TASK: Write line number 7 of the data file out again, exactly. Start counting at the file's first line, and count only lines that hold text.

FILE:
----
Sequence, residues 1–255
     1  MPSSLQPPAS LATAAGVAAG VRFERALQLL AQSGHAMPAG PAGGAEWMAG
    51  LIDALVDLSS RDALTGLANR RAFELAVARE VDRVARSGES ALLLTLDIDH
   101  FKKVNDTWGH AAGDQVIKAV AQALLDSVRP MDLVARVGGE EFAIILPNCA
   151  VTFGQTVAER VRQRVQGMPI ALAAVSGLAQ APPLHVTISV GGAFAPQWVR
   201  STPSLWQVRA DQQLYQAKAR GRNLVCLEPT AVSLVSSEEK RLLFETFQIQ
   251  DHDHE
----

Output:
   251  DHDHE